United States District Court, W.D. Wisconsin
OPINION AND ORDER
WILLIAM M. CONLEY District Judge
se plaintiff Jackie Carter, an inmate housed at the
Wisconsin Secure Program Facility (“WSPF”), was
granted leave to proceed on a First Amendment retaliation
claim against defendants Donald Morgan and Chad Keller, and
an Eighth Amendment deliberate indifference claim against
defendant Fern Springs. This case actually is also the latest
in a remarkably long-standing dispute between plaintiff
Carter and the Wisconsin Department of Corrections arising
out of his medical need for specialized shoes. See Carter
v. Radtke, No. 09-cv-437-wmc (W.D. Wis. July 13, 2009);
Carter v. Radtke, No. 10-cv-181-wmc (W.D. Wis. Apr.
2, 2010); Carter v. Radtke, No. 10-cv-280-wmc (W.D.
Wis. May 25, 2010); Carter v. Ziegler, et al.,
14-cv-512-wmc (W.D. Wis. July 18, 2014). Before the court is
defendants' motion for summary judgment. (Dkt. #19.) For
the reasons that follow, the court will grant defendants'
motion in full, enter judgment in defendants' favor and
close this case.
times relevant to plaintiff's claims, Jackie Carter was
an inmate housed at Columbia Correctional Institution
(“CCI”). Dr. Fern Springs was a physician
employed by the Wisconsin Department of Corrections, who
worked at CCI on an as-needed basis. Donald Morgan was
CCI's Administrative Captain, and Chad Keller was a
Captain at CCI.
December 2013 Medical Orders
December 17, 2013, another doctor working at CCI, Dr. Heinzl,
wrote an order in Carter's medical chart authorizing
shoes from an outside vendor that exceeded a $75.00 property
limit, and also directing that Carter be allowed to shower in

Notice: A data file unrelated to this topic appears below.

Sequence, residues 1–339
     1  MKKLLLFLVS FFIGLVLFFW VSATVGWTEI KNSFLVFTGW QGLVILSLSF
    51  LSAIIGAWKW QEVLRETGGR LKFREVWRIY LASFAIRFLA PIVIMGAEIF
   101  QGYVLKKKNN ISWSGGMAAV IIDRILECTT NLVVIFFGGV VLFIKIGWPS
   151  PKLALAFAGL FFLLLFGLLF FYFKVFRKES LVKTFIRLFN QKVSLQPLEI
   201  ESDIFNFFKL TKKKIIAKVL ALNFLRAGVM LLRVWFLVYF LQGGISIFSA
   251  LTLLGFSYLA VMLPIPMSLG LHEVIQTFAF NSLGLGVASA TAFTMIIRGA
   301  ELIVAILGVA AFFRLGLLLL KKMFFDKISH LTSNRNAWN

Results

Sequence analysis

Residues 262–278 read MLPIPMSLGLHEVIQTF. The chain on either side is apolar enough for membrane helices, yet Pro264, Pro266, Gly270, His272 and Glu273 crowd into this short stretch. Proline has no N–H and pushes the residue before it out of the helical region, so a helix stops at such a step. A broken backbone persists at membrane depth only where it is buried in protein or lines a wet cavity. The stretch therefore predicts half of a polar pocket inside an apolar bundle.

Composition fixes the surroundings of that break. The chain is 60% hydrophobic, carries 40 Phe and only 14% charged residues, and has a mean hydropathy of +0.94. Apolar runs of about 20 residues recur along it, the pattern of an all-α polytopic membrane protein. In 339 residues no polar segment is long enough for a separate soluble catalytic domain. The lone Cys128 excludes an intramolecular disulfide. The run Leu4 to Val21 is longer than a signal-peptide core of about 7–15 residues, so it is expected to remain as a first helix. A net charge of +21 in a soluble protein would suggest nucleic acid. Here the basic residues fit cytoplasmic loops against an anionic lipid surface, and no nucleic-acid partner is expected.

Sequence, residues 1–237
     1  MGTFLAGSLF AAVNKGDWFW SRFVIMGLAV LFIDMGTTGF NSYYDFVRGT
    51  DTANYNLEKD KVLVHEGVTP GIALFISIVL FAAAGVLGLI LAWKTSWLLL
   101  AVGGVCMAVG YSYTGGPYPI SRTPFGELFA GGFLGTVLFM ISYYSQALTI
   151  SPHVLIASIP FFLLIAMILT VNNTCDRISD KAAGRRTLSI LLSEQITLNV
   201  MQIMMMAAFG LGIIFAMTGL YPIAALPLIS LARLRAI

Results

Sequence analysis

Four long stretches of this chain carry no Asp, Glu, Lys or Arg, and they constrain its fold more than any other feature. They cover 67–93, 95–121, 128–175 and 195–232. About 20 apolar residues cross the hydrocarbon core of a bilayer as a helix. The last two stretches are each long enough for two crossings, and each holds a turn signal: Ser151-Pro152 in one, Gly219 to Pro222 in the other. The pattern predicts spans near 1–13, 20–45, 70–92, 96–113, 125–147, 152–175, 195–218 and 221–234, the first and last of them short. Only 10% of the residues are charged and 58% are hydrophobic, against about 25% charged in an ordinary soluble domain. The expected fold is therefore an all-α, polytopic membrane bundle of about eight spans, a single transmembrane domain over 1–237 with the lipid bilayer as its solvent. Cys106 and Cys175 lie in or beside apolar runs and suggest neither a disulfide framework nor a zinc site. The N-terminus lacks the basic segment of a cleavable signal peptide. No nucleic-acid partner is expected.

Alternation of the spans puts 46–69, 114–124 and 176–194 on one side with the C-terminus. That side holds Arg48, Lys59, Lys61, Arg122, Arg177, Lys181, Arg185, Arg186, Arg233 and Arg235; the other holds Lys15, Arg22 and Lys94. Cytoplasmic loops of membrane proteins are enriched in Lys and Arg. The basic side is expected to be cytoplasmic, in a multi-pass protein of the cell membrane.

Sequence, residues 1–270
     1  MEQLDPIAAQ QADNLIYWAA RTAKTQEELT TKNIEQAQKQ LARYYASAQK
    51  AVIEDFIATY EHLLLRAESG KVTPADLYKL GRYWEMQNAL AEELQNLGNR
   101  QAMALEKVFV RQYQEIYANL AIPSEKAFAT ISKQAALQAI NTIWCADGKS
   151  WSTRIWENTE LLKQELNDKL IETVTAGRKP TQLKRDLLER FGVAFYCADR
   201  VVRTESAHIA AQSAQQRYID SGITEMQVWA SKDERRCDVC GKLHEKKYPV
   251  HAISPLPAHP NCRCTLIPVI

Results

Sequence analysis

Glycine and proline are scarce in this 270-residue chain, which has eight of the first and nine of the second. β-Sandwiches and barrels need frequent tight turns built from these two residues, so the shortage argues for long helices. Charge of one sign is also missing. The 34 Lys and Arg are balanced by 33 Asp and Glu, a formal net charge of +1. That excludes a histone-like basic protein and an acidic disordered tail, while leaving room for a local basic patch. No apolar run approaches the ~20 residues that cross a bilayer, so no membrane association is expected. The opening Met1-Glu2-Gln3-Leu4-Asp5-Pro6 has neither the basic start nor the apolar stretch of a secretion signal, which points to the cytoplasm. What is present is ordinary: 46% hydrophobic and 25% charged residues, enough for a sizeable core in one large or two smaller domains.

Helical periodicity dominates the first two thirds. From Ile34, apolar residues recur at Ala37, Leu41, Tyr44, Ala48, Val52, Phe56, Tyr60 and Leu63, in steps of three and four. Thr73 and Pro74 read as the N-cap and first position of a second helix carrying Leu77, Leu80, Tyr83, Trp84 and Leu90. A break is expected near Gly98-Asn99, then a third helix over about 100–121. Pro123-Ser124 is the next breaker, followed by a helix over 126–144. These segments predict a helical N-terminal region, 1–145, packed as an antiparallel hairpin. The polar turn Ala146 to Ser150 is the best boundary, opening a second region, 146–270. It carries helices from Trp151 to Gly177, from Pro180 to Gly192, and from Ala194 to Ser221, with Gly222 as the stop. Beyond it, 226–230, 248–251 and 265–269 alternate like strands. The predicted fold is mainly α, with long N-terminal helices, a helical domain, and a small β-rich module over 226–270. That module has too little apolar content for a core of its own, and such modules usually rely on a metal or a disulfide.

the unit on recreation days, rather than at showers
apparently closer to the recreation area. The next day,
December 18, Dr. Springs modified Heinzl's original
purchase order in two respects: (1) Carter could order high
top tennis shoes from an outside vendor; and (2) they could
exceed $75.00 provided no shoes were available in the
approved vendor catalog. Dr. Springs also added in her
medical order that “Purchase must be cleared with
Security.” (Springs Decl., Ex. 1 (dkt. #24-1) 13.)
Finally, in addition to modifying the order concerning shoes,
Dr. Springs removed Dr. Heinzl's order allowing Carter to
shower on the unit. (Id.)
declaration in support of summary judgment, Dr. Springs
purports to explain the reasons for her changes.
Specifically, she “was contacted by someone for
clarification of the medical prescription of Dr. Heinzl,
after Carter tried to purchase shoes that did not meet
security standards, but rather were of a type considered to
be a status symbol within the inmate population.”
(Springs Decl. (dkt. #24) ¶ 8.) Springs further declares
“It is my belief that I was contacted by  someone
from the nursing staff for this clarification. However, I do
not recall with whom I spoke.” (Id.) For their
part, the other defendants, CCI Administrative Captain Morgan
and Captain Keller, both declare that they did not
contact Springs to tell her to discontinue or change a
medical prescription or order. (Keller Decl. (dkt. #22)